Home cleaning products are a common source of toxins in the home. Andrew Chaney from Aware Environmental offers up solutions on how to clean up your act and be an informed shopper by recognising eco-labels.
Sometimes it's easy to spot exaggerated claims but then there are hundreds of credible-looking labels that, on closer examination, could just as easily have been issued by an unscrupulous manufacturer, as by a genuine environmental assessor.
The Water Efficiency Labelling Scheme (WELS) has, since July 2006, controlled how many stars we see on new washing machines, toilets, dishwashers, taps and showerheads.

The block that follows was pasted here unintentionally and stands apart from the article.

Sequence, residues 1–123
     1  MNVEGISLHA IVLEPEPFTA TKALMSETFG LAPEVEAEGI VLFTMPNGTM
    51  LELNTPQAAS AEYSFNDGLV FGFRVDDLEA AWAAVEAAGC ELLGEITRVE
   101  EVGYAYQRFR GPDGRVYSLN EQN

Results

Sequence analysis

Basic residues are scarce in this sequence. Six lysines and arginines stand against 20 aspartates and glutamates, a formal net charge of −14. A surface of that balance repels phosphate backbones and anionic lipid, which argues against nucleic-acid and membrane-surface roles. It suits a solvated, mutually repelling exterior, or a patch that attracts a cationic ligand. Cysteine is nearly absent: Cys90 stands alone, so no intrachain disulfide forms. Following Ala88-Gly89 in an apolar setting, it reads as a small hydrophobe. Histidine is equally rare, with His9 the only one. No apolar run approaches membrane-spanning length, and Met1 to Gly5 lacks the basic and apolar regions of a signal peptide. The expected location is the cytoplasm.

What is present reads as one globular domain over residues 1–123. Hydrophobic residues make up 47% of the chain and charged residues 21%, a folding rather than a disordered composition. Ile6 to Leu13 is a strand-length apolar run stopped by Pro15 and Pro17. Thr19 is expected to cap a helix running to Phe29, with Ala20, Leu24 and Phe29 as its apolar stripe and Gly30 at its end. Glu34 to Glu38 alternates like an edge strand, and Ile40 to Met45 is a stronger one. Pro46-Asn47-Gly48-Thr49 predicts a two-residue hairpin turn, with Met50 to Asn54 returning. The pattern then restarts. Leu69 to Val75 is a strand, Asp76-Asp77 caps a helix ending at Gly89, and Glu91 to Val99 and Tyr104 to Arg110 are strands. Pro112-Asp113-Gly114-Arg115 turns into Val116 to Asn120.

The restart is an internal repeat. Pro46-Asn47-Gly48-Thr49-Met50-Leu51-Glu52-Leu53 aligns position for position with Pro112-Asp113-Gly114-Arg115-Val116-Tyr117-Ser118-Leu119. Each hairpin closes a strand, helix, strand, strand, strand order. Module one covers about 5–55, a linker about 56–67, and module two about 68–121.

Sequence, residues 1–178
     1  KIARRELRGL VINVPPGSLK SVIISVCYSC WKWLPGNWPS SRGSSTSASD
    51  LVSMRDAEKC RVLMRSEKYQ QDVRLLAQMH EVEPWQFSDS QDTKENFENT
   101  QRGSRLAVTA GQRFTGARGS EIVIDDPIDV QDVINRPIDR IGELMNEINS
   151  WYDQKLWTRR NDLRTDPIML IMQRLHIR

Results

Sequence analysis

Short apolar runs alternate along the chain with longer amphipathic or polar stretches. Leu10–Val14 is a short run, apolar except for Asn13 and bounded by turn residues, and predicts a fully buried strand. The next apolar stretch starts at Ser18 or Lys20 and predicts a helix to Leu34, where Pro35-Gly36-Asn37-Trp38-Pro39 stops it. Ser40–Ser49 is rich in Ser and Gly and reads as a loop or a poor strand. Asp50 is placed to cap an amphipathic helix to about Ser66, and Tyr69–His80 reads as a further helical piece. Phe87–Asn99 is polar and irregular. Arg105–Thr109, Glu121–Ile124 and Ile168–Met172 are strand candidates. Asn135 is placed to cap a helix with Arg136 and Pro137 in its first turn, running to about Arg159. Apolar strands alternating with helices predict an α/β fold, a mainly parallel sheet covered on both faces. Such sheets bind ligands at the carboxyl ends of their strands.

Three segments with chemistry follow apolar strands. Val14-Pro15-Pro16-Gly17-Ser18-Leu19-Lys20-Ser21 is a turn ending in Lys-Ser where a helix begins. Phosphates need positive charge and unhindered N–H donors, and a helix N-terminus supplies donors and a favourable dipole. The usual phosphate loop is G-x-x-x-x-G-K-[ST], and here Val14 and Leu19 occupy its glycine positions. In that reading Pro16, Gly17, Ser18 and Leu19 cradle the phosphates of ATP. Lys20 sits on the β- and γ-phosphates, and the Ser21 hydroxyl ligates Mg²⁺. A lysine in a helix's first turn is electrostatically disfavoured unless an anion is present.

Of course, our consumption habits have an impact on many animals. The label 'not tested on animals' is most commonly found on cosmetics and household products but there are moves in the UK to extend this to pharmaceuticals.
The rating system used for domestic appliances is similar to that used for water. Energy stars are issued by the federal and state government-run Energy Rating label scheme, which began in 1986. It wasn't in use nationwide until 2000.